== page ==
\[\cos(u)=0 \text{ on } (0,4\pi) \\ \text{ gives } u=\frac{\pi}{2},\frac{3\pi}{2}, \frac{5\pi}{2}, \frac{7\pi}{2}\]
Oh, so just keep adding or subtracting 2 pi each time...
but we wanted to solve cos(2t)=0 on (0,2pi)
so if u=2t we have: the equations: \[2t=\frac{\pi}{2},\frac{3\pi}{2},\frac{5\pi}{2}, \frac{7\pi}{2}\]
so to find t divide both sides by 2 (this is a lazy way of writing 4 equations :p)
Lol. So, \[t = \frac{ \pi }{ 4 }, \frac{ 3\pi }{ 4}, ...\]
yeah we have: \[t=\frac{\pi}{4},\frac{3\pi}{4},\frac{5\pi}{4},\frac{7\pi}{5},... \\ \text{ we can generalize the solution } \\ t=\frac{(2n+1) \pi}{4} , n \in \mathbb{Z}\]
that double back Z thing is just an integer
so let's go back to the first thing I said: \[\text{ horizontal tangent for parametric equations is given by } \frac{dy}{d \theta}=0 \text{ provided } \\ \frac{d x}{d \theta} \neq 0 \\ \text{ and } \\ \text{ vertical tangent for parametric equations is given by } \frac{dx}{d \theta}=0 \text{ provided } \\ \frac{dy}{d \theta} \neq 0\] so we definitely don't have any intersection in the solutions of dy/dt and dx/dt (remember I'm being lazy; using t instead of theta) so we have horizontal tangent is at t=(2n+1)pi/4 and vertical tangents is at t=n pi n is an integer
so we definitely don't have any intersection in the solutions of dy/dt=0 and dx/dt=0 (remember I'm being lazy; using t instead of theta)*
Right. I was actually able to find the vertical tangent lines. Finding the horizontal ones though is where I am getting stuck
are you still getting stuck on that? or is it clearer? or no?
Just none of my solutions are correct. I plug in the values where t that make dy/dtheta = 0 to find the points, but they aren't right.
\[\cos(2t)=0 \text{ where } 0 \le t < 2\pi \\ \text{ let } u=2t \\ \text{ solving this for } t \text{ we get } t=\frac{u}{2} \\ \text{ so we have } \cos(2t)=0 \text{ where } 0 \le t <2\pi \text{ becomes } \\ \cos(u)=0 \text{ where } 0 \le \frac{u}{2} <2\pi \\ \text{ rewriting with the inequality solved for } u \\ \text{ gives } \\ \cos(u)=0 \text{ where } 0 \le u <4\pi \\ \text{ so we first wanted to solve } \cos(u)=0 \text{ on } [0,4\pi) \]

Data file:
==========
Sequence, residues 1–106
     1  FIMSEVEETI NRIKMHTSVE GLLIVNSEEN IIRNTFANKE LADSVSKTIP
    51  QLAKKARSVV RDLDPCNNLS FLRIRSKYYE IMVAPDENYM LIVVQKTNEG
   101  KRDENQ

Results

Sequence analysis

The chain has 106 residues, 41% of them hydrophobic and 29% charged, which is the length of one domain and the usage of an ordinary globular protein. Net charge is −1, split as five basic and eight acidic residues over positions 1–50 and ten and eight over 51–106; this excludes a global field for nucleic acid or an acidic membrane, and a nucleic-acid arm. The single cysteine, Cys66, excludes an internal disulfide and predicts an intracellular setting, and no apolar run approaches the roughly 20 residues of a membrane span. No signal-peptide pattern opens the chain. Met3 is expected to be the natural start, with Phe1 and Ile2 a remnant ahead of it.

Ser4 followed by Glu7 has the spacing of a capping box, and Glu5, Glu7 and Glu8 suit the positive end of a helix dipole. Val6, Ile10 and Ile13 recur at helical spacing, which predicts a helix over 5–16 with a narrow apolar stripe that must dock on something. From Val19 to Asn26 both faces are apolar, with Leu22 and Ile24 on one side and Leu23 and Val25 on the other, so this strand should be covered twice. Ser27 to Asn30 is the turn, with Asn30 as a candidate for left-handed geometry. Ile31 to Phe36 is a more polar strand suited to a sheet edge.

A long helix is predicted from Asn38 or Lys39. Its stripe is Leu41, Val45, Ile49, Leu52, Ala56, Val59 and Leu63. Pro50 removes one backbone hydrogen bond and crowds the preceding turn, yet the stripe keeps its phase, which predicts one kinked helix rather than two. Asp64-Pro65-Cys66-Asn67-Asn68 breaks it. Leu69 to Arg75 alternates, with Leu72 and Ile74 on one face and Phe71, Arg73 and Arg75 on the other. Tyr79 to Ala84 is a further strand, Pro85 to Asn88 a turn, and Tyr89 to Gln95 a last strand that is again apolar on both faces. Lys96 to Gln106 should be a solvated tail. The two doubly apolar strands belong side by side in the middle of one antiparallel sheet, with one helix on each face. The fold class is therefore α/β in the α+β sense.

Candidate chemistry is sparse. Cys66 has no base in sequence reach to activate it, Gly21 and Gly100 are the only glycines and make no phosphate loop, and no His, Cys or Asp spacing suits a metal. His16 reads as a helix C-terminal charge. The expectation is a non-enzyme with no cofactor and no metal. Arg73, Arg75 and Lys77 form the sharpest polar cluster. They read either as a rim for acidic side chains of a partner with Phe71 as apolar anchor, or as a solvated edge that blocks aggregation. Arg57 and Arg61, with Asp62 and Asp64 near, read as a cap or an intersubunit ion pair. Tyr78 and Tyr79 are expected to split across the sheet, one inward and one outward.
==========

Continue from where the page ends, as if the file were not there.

I just wanted to show why I solved cos(u)=0 on [0,4pi) instead of [0,2pi)
"Just none of my solutions are correct. I plug in the values where t that make dy/dtheta = 0 to find the points, but they aren't right. " what are you talking about?
For the problem, we have to find the points where there are vertical and horizontal tangent points to the curvegiven by the parametric equations.
find the points (x,y) so we already found the t's
For example, I find that the points (-3, 0) and (3,0) are vertical tangents. ;)
\[(3 \cos(t),\sin(2t)) \\ \] let's just use the t's from the first period then since we don't actually have to find the t's :p we had t=0,pi for vertical we had t=pi/4,3pi/4,5pi/4,7pi/4 for horizontal vertical: \[(3 \cos(0),\sin(2 \cdot 0))=(3 (1),\sin(0))=(3,0) \\ (3 \cos(\pi),\sin(2 \cdot \pi))=(3(-1),0)=(-3,0)\] so good job there horizontal: \[(3 \cos(\frac{\pi}{4}),\sin(2 \cdot \frac{\pi}{4}))=(3 \frac{\sqrt{2}}{2}, \sin(\frac{\pi}{2}))=(\frac{3 \sqrt{2}}{2},1)\] still need to plug in the other three values
you know replace t with 3pi/4 and evaluate then replace t with 5pi/4 and evaluate then replace t with 7pi/4 and evaluate
Ahh, gotcha! ;) So, many tangents. I will figure those out, then, and will message you if I have any more questions. ;) Thank you, @freckles
k!
also a note on what @phi said earlier \[\frac{dy}{dx}=\frac{\frac{dy}{dt}}{\frac{dx}{dt}} \\ \text{ so we do have horizontal when } \frac{dy}{dt}=0 \\ \text{ and verticals when } \frac{dx}{dt}=0 \\ \text{ if there is no intersetions in the above solutions }\]
Well done! http://prntscr.com/8ddra6
nice visual
@MoonlitFate do you see from @mathmate 's visual we do indeed get 4 horizontals and 2 verticals ?